As I mentioned you can have versions all the way back to Photoshop CS6. At one point you could still download Lightroom 4, but with Lightroom 5.6 there is really no reason to run the older version. With Photoshop there are some reasons you may want to keep an older version around. With the latest version of Photoshop CC 2014, Adobe removed the ability for third party programmers to create dashboards and panels using Adobe Flash. Yup that’s right, they killed their own technology. Photoshop CC, the previous version still supported Flash panels as well as the new HTML 5. This has left some still hanging onto CC or CS6 to be able to run earlier plugins and Extensions. One particular extension I use frequently, the Kubota Dashboard, is still working on their new version. Last I heard it was in Beta and should be out soon. It’s an integral part of my workflow so I’m still using PS CC for most of my work.
There were many new features introduced in CC and in the newer CC 2014. They have been constantly improving it. Smart Filters is a huge improvement. You can now run various filters and they will be linked to the existing layer in Photoshop. You can then turn the filter on and off, apply layer masking to it and the coolest part, you can re-edit the filter. Remember when Liquify was a permanent adjustment? Not anymore, its is now fully editable at any point in time if you convert the layer to a Smart Object first.
In the latest version that was released we now have Creative Cloud Libraries. From a design standpoint it is awesome. From Adobe’s site “Creative Cloud Libraries is a powerful new feature that lets you create, categorize, and store your favorite colors, brushes, text styles, graphics, and vector images in one easily accessible place. Then you can access them anywhere: Assets you create under the same Adobe ID will be visible across different computers—in a variety of applications like Photoshop CC—wherever you sign in. ”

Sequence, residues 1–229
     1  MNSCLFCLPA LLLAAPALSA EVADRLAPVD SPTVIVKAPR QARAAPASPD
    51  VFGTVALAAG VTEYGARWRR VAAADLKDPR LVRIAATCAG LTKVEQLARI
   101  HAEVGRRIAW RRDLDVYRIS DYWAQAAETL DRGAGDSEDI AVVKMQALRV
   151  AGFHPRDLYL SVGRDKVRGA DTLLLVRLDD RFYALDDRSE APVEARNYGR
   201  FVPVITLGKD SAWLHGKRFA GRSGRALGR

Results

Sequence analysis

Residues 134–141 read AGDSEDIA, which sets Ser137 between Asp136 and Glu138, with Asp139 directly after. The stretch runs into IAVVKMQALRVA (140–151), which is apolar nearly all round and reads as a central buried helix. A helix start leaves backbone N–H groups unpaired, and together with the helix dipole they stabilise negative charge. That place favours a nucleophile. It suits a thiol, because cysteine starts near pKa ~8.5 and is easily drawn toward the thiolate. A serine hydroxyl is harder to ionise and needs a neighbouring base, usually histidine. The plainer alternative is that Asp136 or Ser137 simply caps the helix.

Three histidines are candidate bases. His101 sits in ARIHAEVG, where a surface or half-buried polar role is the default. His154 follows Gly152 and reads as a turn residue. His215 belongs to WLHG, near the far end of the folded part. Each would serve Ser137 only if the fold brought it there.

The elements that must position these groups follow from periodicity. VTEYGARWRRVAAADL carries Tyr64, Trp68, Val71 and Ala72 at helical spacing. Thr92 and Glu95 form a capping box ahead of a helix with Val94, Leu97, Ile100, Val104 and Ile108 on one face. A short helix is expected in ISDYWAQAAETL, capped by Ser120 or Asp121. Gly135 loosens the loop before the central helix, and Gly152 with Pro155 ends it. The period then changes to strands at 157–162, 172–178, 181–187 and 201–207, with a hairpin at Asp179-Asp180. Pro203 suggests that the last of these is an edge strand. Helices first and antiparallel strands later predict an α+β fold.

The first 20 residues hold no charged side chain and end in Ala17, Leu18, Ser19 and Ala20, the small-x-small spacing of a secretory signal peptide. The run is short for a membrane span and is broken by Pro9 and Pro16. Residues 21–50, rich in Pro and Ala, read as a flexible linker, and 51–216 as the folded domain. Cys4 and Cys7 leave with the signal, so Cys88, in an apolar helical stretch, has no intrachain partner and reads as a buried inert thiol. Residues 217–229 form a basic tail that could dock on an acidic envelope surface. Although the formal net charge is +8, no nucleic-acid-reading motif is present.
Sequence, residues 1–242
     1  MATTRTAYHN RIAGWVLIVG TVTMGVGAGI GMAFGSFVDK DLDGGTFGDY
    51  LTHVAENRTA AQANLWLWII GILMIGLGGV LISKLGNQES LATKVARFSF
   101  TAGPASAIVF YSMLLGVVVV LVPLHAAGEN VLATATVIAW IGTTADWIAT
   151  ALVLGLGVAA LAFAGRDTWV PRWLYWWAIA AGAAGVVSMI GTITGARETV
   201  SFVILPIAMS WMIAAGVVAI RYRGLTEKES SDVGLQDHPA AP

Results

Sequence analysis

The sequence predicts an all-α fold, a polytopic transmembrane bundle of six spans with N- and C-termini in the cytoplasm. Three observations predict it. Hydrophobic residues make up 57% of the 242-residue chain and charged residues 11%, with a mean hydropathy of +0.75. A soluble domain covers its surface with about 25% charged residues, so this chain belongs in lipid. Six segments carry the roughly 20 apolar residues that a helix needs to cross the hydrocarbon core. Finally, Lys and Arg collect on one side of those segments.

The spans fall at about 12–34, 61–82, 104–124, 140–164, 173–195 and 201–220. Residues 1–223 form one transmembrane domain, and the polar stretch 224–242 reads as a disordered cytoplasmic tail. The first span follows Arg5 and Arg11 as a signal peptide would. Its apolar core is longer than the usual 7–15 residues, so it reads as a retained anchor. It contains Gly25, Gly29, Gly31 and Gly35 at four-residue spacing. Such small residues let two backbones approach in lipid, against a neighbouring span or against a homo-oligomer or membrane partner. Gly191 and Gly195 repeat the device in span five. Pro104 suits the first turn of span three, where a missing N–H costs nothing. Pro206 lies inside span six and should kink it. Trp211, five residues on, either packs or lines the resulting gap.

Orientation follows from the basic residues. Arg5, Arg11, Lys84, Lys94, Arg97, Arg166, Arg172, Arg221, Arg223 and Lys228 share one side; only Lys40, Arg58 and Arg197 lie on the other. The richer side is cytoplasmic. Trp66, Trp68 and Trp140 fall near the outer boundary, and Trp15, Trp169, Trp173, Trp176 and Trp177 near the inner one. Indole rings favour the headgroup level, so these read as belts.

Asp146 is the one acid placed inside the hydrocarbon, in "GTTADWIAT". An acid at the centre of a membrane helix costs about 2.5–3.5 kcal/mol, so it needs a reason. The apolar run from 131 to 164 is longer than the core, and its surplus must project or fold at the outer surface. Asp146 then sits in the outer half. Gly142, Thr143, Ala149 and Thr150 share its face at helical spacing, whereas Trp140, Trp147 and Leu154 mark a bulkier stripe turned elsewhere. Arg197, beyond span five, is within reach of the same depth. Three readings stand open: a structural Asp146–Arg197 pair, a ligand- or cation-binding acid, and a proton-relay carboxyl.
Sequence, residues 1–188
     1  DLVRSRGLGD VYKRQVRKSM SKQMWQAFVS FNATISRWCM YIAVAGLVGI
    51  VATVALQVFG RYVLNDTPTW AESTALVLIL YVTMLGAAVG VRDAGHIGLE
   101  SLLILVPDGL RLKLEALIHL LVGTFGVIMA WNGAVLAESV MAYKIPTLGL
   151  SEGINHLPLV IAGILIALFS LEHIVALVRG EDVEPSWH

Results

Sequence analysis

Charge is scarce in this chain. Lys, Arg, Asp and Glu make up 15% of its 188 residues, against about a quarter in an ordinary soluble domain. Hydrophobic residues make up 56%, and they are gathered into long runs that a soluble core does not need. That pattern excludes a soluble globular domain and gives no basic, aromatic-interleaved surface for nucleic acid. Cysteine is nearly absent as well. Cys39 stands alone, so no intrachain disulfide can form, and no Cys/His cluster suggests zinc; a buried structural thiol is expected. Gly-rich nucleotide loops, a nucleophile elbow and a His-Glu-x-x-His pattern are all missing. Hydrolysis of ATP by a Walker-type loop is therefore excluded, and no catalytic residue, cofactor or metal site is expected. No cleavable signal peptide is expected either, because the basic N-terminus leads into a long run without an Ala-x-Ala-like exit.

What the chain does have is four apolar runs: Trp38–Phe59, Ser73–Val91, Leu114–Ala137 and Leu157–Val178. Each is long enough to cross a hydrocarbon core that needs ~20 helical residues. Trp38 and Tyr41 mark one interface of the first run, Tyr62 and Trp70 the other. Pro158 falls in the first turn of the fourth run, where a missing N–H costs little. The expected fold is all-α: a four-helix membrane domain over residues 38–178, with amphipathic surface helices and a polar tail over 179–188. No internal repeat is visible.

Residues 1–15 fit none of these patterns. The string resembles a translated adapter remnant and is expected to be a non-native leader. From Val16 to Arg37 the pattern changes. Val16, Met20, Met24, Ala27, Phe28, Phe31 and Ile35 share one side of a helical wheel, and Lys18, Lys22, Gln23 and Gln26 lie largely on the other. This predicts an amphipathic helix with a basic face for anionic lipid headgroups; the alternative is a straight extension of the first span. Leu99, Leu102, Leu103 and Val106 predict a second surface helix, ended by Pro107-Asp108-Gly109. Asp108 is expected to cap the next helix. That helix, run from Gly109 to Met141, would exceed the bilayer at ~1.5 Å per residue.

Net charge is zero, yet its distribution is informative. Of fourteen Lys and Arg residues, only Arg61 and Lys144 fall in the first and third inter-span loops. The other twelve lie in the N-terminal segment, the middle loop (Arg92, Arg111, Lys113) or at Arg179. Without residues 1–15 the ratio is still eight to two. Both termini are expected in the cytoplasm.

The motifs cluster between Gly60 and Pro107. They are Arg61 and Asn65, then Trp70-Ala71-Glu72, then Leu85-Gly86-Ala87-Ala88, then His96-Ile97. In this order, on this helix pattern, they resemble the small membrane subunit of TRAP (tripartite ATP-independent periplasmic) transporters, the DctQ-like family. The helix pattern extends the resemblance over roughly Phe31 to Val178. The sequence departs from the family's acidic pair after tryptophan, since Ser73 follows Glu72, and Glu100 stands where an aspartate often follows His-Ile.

So if you are not into design and you are simply editing your Boudoir images in Photoshop, what can this do for you? Well probably more than you think. First off, if you are watermarking your images, you can put your logo into the library, it is now instantly available to you without having to search for it and Embed or Copy/Paste it on your image. I think the bigger benefit will be in the custom brushes and colors. If you do much skin or makeup retouching you could keep a collection of colors that are readily available and selectable in any document. Now the brush function is not quite what you would think. You can’t create a brush or load a brush into the Library from Photoshop. Currently you can create custom brushes in the Mobile App Adobe Brush CC. So definitely many more uses for designers but there are some cool things we photographers can take advantage of. It will only get better.
I’d love to hear your thoughts on Creative Cloud. If you are looking for specific training feel free to check out my new site training.davedoeppel.com specifically for Lightroom and Photoshop training.